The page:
Current study: Sweetener does not satisfy the desire for sugar
For many people, sweeteners are a "healthier alternative" to sugar. However, studies indicate that the artificial substances can even cause serious illnesses. In addition, sweeteners can not satisfy the desire for sugar, as Swiss researchers have now found out.
Artificial sweeteners are often criticized
Most people are aware that high sugar consumption leads to health problems such as obesity, diabetes or tooth decay. Many therefore use artificial sweeteners as a supposed "healthier alternative". But these substances are increasingly being targeted by nutrition experts and doctors. Research has shown that sweeteners are harmful to health. Among other things, they can promote the risk of diabetes, as Israeli researchers have found. Accordingly, people who like to sweeten with artificial substances apparently increase their risk of glucose intolerance, a pre-form of diabetes. Now Swiss scientists are reporting another disadvantage of sweeteners: they do not quench their sugar appetite - at least not in mice.
Glucose satisfies cravings for sugary foods
Every man knows about food cravings. If our brain asks for sugary food, then only glucose (dextrose) helps. However, sweeteners cannot satisfy this desire, as researchers at the University of Lausanne have found. According to a statement from the university, the team led by Gwenaël Labouèbe has identified a network of nerve cells in the brain of mice that affect eating behavior. Accordingly, the drop in blood sugar levels stimulates certain nerve cells, which in turn trigger a certain pattern of behavior - the urge for sugary foods.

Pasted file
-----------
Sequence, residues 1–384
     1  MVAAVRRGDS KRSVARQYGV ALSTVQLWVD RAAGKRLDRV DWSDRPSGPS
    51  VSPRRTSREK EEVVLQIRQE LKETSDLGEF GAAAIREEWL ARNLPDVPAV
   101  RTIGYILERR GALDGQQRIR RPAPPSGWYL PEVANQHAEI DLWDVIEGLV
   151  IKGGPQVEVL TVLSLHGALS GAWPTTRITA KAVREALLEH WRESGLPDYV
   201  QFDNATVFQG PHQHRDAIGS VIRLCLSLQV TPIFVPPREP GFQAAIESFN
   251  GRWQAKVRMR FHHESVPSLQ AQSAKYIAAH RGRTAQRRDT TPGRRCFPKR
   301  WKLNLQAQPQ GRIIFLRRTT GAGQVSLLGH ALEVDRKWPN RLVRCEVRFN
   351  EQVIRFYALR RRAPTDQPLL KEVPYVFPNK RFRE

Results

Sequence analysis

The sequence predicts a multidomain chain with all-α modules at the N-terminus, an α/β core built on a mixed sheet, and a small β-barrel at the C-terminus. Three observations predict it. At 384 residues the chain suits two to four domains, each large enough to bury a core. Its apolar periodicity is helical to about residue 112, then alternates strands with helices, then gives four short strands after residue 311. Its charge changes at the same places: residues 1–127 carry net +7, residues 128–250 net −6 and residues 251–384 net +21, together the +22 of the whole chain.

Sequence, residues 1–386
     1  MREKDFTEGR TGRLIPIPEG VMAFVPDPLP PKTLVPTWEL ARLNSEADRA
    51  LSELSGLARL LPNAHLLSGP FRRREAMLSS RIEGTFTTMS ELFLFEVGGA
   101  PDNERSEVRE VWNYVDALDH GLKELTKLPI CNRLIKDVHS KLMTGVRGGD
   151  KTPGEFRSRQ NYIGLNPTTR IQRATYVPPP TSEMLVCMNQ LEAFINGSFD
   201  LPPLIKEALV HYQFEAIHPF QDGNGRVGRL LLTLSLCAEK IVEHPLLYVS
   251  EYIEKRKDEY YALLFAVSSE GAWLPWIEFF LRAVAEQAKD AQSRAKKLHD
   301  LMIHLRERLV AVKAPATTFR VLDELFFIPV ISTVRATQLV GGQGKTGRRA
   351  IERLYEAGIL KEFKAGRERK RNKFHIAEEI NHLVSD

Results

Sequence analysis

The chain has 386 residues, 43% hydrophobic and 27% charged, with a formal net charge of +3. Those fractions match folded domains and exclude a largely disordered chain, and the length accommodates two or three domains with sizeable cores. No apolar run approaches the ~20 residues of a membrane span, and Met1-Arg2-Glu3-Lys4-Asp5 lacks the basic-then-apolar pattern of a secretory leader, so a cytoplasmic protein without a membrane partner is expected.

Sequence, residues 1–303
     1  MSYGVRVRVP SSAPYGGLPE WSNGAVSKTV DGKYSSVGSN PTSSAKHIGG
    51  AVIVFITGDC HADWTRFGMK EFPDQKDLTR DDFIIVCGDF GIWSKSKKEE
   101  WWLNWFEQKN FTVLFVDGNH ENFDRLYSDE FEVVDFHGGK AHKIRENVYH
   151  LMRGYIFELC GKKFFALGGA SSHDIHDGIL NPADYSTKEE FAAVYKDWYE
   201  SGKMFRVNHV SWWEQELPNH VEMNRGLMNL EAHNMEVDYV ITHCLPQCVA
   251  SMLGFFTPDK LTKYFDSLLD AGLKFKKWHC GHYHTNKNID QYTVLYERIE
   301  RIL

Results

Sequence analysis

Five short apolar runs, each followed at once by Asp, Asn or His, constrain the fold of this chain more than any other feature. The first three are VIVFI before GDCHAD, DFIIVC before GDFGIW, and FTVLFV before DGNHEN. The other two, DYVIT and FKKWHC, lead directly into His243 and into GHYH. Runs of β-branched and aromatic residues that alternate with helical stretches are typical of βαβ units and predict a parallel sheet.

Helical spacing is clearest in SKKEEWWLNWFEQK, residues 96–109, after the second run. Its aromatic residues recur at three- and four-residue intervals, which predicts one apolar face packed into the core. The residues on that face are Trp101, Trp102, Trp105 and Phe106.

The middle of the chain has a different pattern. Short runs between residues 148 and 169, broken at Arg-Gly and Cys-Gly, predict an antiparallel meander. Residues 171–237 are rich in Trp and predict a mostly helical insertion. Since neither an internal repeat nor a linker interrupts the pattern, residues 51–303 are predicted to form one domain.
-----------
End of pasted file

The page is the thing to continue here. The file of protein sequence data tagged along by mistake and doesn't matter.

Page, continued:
Fructose doesn't help either
“When a lack of glucose activates these neurons, they interact with the brain's reward system,” said Labouèbe. This increases the motivation of animals to look for and eat sugar. In the journal Nature Neuroscience, the research team reports that glucose suppresses the activity of these neurons, but fructose or sweetener do not. Therefore, the urge for sugar in foods with sweeteners remains unchecked. According to study director Bernard Thorens from the University of Lausanne, the results made it clear how complex the mechanisms in the brain are that control the consumption of sugary foods. "In particular, they emphasize the fact that sweeteners and fructose, which are used extensively in food, do not slow the craving for sugar." According to Thorens, this fits in with the finding that the introduction of sweetened or fructose-sweetened foods has not alleviated the overweight problem in the industrialized world.
Body reacts differently to different types of sugar
In a previous study, US researchers from the University of Southern California (USC) had found that fruit sugar in humans does not satisfy appetite as much as glucose. The scientists published their results in the journal "Proceedings of the National Academy of Sciences" (PNAS). According to this study participants who ate a drink sweetened with fructose reacted more strongly to food pictures than subjects who received a drink containing glucose. The Swiss study now adds a little more knowledge about how differently the body deals with different types of sugar. (ad)